Much of our happiness and success is the result of our thinking. So, too, are our failures. And our thoughts are revealed in our self-talk. What you say to yourself during the course of the day largely determines the outcome. In theory, it's really pretty simple:
— Positive self-talk leads to success.
— Negative self-talk dooms you to failure.
Which one are you setting yourself up for?
Like an evil mist, negative thinking has an insidious way of weaving its wispy tendrils into our thoughts and words. Over time, it becomes a habit – so much so that you might not even notice it. But you can't help but notice the result: failure, time and time again. The solution is to develop new habits in your thinking.
Let's examine several ways to combat these negative thought processes and develop new, positive thoughts that will better serve you. When you're good at recognizing these flaws in your self-talk, you're 90% of the way there:
1. "I can be happy once I ..." It's a mistake to believe that you need to have or do anything before you can be happy. As soon as the criterion is met, another will simply take its place. It's great to strive for more, but to make your happiness dependent on such attainment will delay your happiness forever.
2. The success of other people makes you jealous or resentful. The flaw is thinking that only a limited number of people can experience success. Learn to admire others that are successful. Learn from their success and be happy for them. You can be successful, too.
3. "I can't do anything right" or "I'll never be successful." Mistakes are simply a learning method of how not to do something. Humans learn largely via "failure." The most successful people have failed far more times than the average person. The difference is that they discover how to pick themselves back up again so they can go on to succeed.
— Remind yourself of all the times you've succeeded at something in the past.
— For example, learning to talk and walk were difficult endeavors. Consider how many times you failed at both of them and yet you were successful in the end. What if you had the same level of perseverance for everything else in your life?
4. "Why do these things always happen to me?" Over the long haul, life is remarkably fair. Bad things happen, but they tend to pass and good things take their place. To believe that you are singled out for bad things is a critical error that can guide you toward more negative circumstances.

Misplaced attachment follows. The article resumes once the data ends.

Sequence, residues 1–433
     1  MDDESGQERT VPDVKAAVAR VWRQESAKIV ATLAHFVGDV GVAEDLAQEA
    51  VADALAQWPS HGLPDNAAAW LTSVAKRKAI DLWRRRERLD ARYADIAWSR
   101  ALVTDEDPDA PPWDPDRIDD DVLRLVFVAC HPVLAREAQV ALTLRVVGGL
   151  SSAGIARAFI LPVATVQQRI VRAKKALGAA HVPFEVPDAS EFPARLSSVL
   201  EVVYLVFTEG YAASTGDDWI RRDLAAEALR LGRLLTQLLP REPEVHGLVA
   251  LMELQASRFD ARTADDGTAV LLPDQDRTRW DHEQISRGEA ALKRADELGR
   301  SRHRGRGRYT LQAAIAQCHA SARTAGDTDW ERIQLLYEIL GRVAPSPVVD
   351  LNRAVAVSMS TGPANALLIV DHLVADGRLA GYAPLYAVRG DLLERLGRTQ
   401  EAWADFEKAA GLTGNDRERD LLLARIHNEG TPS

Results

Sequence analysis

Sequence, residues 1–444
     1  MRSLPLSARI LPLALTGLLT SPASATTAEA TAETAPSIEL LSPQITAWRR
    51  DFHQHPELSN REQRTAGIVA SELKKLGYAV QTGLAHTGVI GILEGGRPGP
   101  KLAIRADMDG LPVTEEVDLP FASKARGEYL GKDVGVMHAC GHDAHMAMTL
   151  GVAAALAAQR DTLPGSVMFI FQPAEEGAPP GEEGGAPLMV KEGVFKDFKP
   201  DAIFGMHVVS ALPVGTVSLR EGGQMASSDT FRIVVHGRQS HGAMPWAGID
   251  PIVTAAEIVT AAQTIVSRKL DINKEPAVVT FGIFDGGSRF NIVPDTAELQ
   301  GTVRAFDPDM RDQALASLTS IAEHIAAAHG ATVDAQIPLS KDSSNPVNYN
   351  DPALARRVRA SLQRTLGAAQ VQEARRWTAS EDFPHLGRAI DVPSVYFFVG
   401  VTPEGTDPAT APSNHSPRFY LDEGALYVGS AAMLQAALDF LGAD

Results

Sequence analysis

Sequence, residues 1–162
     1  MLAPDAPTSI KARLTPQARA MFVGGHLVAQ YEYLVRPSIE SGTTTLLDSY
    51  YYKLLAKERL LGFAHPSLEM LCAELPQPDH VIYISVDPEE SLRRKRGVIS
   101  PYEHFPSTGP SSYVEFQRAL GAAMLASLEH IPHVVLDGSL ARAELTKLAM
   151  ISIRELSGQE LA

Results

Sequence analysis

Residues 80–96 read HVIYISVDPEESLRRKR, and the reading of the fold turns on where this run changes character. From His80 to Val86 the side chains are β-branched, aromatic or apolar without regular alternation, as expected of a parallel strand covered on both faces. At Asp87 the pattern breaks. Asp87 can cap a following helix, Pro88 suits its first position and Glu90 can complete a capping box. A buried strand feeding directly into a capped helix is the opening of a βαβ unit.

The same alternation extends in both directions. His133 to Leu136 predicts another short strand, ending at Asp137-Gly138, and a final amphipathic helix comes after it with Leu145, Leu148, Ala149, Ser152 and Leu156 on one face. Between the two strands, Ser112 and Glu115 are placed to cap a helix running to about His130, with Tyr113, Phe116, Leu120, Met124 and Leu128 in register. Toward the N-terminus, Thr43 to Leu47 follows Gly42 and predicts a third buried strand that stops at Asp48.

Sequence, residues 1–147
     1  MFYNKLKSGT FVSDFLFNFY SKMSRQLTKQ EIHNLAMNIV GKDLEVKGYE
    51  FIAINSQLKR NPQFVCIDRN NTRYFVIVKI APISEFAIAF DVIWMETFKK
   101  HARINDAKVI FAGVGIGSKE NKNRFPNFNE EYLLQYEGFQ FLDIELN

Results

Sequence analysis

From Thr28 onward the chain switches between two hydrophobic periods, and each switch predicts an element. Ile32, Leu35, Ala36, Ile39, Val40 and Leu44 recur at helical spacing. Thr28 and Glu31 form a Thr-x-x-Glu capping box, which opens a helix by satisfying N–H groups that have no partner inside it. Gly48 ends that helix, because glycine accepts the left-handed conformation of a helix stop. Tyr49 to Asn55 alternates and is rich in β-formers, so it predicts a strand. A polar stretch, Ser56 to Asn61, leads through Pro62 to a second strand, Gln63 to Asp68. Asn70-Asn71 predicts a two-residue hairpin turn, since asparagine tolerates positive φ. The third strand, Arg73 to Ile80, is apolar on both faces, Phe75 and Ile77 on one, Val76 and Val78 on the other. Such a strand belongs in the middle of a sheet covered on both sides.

5. "I can't do this." It's difficult to do something that you believe you can't. In reality, you can do nearly anything, given enough time and effort. Can you improve a little bit today? Of course you can, and you can keep improving each day. How could you not be able to do something if you never give up?
6. "I'll do it tomorrow (or next week)." We often let ourselves off the hook by putting things off into the future. Successful people are great at doing what needs to be done. They simply do the things others don't have the nerve to do. Be brave and claim your success today — not someday.
7. Any other negative self-talk. There's a simple way to know if your thinking is on track. You should be happy, motivated and enthusiastic to attack your goals. If you don't feel this way, then you have negative thoughts in your head. Find and resolve these thoughts.
Monitor yourself continuously for negative thought patterns. When they occur, intentionally turn the thought around into something positive.
Most of your negative thoughts have little reality supporting them – they merely have the power of repetition on their side. You can override that with repetition of new, positive thoughts.
You have the power to transform your life. Imagine what you could do if you banished all negative thoughts from your mind. Nurture yourself with positive self-talk and enjoy the success you deserve!
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